This section is from the book "Commercial Gardening Vol3", by John Weathers (the Editor). Also available from Amazon: Commercial Gardening, A Practical & Scientific Treatise For Market Gardeners.
Picking usually commences towards the end of June, when the early cherries are ripe, and continues with the later varieties until the end of July. The gathering is done sometimes by men and sometimes by women; in the latter case, one careful man is told off with a gang of from six to eight women, according to the crop of cherries. If the crop is large, the ladders do not need frequent moving, and consequently one man can attend to a larger number of women than if the crop is small.
Cherries are picked sometimes by piecework, sometimes by daywork, depending upon the abundance of the crop and other considerations. At the beginning of the season, when cherries are making good prices, the trees are usually picked over two or three times, and only the ripe fruit is gathered. In this case the picking is done by the day, and thus the pickers can be induced to make a good sample of the fruit. Later on in the season, especially if the cherry crop is a large one and the fruit is realizing a lower price, it is most important to secure the crop quickly at as low a cost as possible; consequently the pickers are put on by the " piece". In this case the trees are only gathered once. The earliest cherries are allowed to get dead ripe, so that the later fruit may also be ripe and ready to pick at the same time. By this piecework method the crop can be gathered at a very much lower price, ranging from 6d, per half-sieve upwards, but naturally the sample of fruit obtained is not so good.
During the picking season much careful supervision is necessary, not only to ensure the fruit being carefully picked and a good sample obtained, but also to see that the branches are not broken about and next year's crop impaired. Unless carefully overlooked, the pickers pull the fruit from the strigs (" plug" the fruit, as it is called) instead of picking strigs and fruit together, with the result that the juice runs out and the fruit becomes sticky and quickly rots; they are also liable to mix in green and rotten fruit with the sound sample. Much damage is also done by pickers and ladder movers breaking off the " bruts " or short fruiting branches, and thus diminishing the crop in future years.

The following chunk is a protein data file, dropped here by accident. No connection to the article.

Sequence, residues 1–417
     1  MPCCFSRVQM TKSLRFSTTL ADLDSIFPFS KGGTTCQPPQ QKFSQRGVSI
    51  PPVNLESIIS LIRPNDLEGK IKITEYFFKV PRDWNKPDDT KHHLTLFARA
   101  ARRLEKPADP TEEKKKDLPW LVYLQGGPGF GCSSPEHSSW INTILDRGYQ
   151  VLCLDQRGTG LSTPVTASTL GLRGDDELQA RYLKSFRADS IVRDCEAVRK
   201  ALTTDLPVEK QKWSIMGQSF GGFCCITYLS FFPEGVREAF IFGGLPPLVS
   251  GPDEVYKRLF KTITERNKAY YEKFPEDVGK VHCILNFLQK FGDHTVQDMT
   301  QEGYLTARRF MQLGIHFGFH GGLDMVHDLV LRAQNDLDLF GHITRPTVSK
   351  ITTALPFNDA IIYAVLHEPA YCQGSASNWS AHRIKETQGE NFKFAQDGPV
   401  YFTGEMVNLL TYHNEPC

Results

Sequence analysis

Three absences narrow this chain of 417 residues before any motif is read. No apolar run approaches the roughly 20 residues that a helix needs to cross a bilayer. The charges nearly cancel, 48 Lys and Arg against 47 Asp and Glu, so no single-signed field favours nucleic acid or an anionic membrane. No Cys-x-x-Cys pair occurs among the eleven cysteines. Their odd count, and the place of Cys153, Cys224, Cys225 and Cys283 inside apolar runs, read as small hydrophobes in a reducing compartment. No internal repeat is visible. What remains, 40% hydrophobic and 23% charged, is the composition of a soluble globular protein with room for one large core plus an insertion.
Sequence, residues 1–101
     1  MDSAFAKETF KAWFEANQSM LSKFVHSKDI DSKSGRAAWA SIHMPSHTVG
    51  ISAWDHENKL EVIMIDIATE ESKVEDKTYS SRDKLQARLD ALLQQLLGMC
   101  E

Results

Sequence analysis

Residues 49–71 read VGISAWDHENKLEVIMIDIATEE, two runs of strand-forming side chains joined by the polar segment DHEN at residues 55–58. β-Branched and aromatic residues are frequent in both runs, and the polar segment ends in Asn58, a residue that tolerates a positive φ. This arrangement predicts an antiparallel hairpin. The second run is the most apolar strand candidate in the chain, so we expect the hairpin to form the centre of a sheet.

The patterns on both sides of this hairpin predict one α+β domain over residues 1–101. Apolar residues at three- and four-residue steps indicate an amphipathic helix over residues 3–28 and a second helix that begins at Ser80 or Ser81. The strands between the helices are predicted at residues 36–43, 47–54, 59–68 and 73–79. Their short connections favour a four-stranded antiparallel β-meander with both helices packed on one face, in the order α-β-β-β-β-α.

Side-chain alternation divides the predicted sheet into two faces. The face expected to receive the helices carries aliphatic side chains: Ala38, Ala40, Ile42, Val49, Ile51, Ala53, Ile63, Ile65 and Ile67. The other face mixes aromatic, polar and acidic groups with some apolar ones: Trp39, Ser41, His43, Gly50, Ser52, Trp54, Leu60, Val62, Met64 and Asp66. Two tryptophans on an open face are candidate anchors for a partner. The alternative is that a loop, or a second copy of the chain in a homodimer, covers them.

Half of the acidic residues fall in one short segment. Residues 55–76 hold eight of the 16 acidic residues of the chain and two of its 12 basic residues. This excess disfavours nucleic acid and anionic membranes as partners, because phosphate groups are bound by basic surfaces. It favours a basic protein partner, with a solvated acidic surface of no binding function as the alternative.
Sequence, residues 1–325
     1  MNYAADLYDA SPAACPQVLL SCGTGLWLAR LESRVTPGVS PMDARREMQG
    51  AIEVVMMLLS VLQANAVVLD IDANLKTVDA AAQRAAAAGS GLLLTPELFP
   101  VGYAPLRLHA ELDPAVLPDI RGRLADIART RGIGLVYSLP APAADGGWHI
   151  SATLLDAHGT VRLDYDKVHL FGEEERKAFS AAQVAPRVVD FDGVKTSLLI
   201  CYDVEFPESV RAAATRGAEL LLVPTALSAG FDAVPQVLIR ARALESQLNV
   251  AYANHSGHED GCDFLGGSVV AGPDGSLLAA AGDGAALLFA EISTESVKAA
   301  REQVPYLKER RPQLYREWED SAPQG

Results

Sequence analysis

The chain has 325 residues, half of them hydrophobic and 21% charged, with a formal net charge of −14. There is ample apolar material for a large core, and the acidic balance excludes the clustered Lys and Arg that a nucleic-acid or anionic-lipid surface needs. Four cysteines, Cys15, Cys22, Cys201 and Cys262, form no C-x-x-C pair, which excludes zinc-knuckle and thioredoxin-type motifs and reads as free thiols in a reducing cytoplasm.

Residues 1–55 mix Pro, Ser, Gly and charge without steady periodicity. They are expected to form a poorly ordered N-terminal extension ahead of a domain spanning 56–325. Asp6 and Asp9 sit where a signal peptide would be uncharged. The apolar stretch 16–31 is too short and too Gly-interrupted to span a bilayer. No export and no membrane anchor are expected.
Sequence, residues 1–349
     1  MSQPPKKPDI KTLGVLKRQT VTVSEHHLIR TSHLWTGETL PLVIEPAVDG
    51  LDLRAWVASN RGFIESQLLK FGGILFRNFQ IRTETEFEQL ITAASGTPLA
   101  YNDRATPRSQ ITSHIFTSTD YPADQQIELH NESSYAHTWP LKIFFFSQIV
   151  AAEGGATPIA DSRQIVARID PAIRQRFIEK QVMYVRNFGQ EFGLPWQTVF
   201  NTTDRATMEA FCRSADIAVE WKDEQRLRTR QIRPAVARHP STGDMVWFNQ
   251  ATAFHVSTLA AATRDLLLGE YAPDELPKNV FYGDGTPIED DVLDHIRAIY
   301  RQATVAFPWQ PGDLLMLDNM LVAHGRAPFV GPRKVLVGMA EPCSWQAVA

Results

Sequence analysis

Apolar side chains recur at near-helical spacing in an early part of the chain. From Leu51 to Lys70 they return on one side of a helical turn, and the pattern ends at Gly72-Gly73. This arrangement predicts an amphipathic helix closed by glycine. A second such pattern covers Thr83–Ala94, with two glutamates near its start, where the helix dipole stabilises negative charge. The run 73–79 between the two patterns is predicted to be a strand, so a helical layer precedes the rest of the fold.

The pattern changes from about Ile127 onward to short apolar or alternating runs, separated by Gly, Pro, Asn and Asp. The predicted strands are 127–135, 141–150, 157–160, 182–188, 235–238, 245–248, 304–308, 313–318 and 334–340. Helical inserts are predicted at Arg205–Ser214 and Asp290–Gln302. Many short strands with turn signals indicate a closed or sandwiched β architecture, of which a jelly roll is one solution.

Cherries are for the most part marketed in half-sieves, but just the very choicest and earliest fruit is often packed in pecks, and in this way sometimes realizes a higher price. In either case the cherries should be very carefully hand-picked to remove any unripe or unsound fruit which may have accidentally found its way into the gathering baskets. The half-sieves, after being lined with packing paper, are filled with cherries, and, according to recent regulations of the fruit markets, must contain not less than 24 lb. of fruit; if otherwise, the exact weight of fruit should be marked on the label. Lastly, the baskets should always contain a uniform sample of fruit. Packers, unless specially cautioned, are very liable to put the best fruit upon the top of the baskets - a practice that is easily discovered, and results in the grower obtaining a bad name upon the market and subsequent loss. Every effort should be made to obtain a good name upon the market, and when this is effected fruit can often be sold by the salesman upon receipt of invoice by telegram from the grower - a matter of no little value when there is a glut of fruit upon the market.